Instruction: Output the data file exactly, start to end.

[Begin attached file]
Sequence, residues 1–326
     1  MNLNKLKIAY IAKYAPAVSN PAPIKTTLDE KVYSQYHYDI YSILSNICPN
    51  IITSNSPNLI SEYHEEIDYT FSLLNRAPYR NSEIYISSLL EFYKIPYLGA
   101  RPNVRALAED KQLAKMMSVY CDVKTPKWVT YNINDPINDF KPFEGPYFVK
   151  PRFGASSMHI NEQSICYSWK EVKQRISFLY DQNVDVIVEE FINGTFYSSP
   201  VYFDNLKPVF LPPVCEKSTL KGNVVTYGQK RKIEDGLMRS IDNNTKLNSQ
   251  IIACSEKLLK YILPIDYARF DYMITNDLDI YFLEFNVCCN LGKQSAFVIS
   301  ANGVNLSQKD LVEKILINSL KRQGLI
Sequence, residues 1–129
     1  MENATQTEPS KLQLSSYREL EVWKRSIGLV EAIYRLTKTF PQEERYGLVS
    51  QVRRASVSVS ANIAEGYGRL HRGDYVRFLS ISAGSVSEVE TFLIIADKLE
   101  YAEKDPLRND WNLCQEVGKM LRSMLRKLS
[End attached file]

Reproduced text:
Sequence, residues 1–326
     1  MNLNKLKIAY IAKYAPAVSN PAPIKTTLDE KVYSQYHYDI YSILSNICPN
    51  IITSNSPNLI SEYHEEIDYT FSLLNRAPYR NSEIYISSLL EFYKIPYLGA
   101  RPNVRALAED KQLAKMMSVY CDVKTPKWVT YNINDPINDF KPFEGPYFVK
   151  PRFGASSMHI NEQSICYSWK EVKQRISFLY DQNVDVIVEE FINGTFYSSP
   201  VYFDNLKPVF LPPVCEKSTL KGNVVTYGQK RKIEDGLMRS IDNNTKLNSQ
   251  IIACSEKLLK YILPIDYARF DYMITNDLDI YFLEFNVCCN LGKQSAFVIS
   301  ANGVNLSQKD LVEKILINSL KRQGLI
Sequence, residues 1–129
     1  MENATQTEPS KLQLSSYREL EVWKRSIGLV EAIYRLTKTF PQEERYGLVS
    51  QVRRASVSVS ANIAEGYGRL HRGDYVRFLS ISAGSVSEVE TFLIIADKLE
   101  YAEKDPLRND WNLCQEVGKM LRSMLRKLS